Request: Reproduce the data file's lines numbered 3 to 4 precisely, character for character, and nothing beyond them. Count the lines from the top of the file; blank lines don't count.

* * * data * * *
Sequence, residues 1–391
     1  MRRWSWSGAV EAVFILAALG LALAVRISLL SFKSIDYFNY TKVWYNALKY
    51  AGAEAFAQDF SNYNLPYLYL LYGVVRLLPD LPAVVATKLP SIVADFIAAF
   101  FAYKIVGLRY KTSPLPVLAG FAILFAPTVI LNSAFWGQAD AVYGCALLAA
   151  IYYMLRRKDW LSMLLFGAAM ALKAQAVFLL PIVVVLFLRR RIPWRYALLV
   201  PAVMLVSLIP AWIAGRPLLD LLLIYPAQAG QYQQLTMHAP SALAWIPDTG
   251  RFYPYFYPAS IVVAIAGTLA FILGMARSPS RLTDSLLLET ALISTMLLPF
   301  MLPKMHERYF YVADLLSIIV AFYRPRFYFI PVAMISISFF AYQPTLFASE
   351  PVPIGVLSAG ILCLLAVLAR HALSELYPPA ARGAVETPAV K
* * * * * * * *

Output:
    51  AGAEAFAQDF SNYNLPYLYL LYGVVRLLPD LPAVVATKLP SIVADFIAAF
   101  FAYKIVGLRY KTSPLPVLAG FAILFAPTVI LNSAFWGQAD AVYGCALLAA